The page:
Transforming Brazil's Favelas

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Children play in front of the field at Cidade de Deus (City of God) slum in Rio de Janeiro March 15, 2011, where U.S. President Barrack Obama will visit on Sunday, according to the local press (Ricardo Moraes/Courtesy Reuters).

Children play in front of the field at Cidade de Deus (City of God) slum in Rio de Janeiro March 15, 2011, where U.S. President Barrack Obama will visit on Sunday, according to the local press (Ricardo Moraes/Courtesy Reuters).

I got the chance last week to visit the Centro Comunitário Lídia dos Santos (or CEACA), an NGO based in the Rio de Janeiro favela of Morro dos Macacos—once the grounds of a zoo, and now home to some 25,000 cariocas (Rio’s residents). Headed by Dona Anna Marcondes Faria, it is the culmination of nearly fifty years of her work to make the community safer. From initial efforts to bring running water and kindergarten classes to the neighborhood, the two story building now offers a host of after school programs, art classes, professional training sessions, and environmental awareness projects. The goal is not just to teach skills but also confidence. CEACA, along with NGOs in some 450 other communities, have gained the attention and support of Coca-Cola, McDonalds, Walmart, and dozens of other corporations.

A recurring theme in the conversations we had with our hosts and guides was change. Visiting the community’s recycling building, the manager Dona Regina da Silva spoke to us about the challenge of gaining residents’ support for the business. In the beginning she worked alone, snubbed by many of her neighbors as the “garbage lady.” Today, some 700 families bring bottles, paper, plastics, and other goods each week to exchange for food tokens, and in the building next door women and youths use the sorted neighborhood trash materials to create beautiful items such as pillows, bags, and placemats (you can see their work here).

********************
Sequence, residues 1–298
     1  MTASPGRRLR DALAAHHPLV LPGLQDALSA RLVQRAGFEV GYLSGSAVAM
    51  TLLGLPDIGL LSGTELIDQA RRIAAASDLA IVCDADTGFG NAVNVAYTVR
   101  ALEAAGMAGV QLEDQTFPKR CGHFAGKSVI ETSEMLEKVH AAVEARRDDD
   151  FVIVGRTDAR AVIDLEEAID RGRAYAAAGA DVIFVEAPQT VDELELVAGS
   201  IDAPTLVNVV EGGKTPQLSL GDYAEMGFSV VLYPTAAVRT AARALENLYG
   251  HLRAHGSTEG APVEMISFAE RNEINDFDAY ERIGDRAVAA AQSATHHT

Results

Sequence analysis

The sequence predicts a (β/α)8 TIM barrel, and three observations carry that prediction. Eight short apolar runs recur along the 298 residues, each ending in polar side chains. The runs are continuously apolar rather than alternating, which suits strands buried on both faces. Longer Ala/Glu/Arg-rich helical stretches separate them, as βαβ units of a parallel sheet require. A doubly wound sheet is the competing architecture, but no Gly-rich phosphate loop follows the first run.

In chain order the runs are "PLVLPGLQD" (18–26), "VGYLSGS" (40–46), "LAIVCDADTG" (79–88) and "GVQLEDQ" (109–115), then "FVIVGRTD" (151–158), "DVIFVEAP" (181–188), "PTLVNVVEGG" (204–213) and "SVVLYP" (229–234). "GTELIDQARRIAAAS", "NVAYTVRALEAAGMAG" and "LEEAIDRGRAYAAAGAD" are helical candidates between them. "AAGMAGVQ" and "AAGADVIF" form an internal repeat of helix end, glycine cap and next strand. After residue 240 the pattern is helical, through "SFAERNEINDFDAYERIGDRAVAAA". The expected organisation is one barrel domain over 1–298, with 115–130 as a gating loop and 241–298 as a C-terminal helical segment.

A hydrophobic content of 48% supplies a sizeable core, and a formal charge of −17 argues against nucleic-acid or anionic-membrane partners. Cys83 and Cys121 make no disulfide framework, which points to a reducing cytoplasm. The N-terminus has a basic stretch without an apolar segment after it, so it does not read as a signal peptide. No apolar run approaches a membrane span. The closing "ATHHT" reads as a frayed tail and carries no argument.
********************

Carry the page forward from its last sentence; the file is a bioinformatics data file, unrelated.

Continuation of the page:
In the computer lab/classroom, we spoke with a group of teenagers. Asked what they wanted to be when they grew up, the students offered up careers including engineers, architects, and biologists. Our guides said that this was a significant shift from just a few years ago—when the dreams were smaller and the enthusiasm less pervasive. One of the teachers that spoke with us was a past student, back to help the younger generation as she finished up her university degree. Though she said that few of her former classmates had followed her into higher education, they all dreamed of it, another big change from the past.

Organizations such as CEARA make a difference by connecting individuals within the neighborhood and preparing them for the broader world. Also important in transforming the futures of Macacos’ residents has been Rio’s broader security efforts. On the streets the blue and black uniforms of Pacifying Police Unit (UPP) troops were noticeable, part of a city-wide effort (now in over twenty neighborhoods) to introduce a permanent police presence into historically gang-run areas. Many Morro dos Macacos residents recounted the isolation they felt before the UPP officers arrived. Not only did they face discrimination from those on the outside when they revealed where they lived, they also found it dangerous to simply come and go, as rivalries between the gangs controlling each favela extended to all residents—whether members or not . Now with the UPP in place, residents can travel more freely.

With persistent high inequality and poverty rates, and over a million living in Rio’s favelas alone, these individual steps may be small. But from my few hours there, the Morro dos Macacos neighborhood at least felt to be moving in the right direction.

Published in conjunction with Latin America’s Moment at the Council on Foreign Relations.